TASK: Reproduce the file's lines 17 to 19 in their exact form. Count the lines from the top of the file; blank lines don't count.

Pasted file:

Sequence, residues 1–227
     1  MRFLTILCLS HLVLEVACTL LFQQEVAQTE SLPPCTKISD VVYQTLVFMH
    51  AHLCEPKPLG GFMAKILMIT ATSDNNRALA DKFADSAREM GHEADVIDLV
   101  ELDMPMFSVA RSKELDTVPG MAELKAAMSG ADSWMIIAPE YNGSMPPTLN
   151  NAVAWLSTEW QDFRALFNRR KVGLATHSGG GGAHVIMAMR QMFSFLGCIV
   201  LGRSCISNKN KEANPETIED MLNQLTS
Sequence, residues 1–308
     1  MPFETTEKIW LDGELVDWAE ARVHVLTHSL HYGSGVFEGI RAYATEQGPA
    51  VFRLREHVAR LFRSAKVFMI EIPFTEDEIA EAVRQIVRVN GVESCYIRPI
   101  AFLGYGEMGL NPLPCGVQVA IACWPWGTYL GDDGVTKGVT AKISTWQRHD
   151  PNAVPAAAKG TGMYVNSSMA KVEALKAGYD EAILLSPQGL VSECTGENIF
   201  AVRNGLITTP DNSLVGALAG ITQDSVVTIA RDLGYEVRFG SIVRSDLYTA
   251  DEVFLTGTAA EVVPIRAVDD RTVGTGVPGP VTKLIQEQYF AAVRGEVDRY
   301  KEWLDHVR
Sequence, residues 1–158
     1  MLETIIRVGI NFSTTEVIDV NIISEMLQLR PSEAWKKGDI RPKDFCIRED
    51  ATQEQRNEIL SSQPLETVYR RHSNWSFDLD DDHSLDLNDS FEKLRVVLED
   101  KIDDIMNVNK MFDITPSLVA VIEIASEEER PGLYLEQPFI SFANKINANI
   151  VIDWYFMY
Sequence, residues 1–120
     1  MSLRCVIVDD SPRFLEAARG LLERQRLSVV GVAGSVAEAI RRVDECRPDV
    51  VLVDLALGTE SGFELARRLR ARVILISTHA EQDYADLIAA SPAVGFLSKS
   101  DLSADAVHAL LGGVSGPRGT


    51  ATQEQRNEIL SSQPLETVYR RHSNWSFDLD DDHSLDLNDS FEKLRVVLED
   101  KIDDIMNVNK MFDITPSLVA VIEIASEEER PGLYLEQPFI SFANKINANI
   151  VIDWYFMY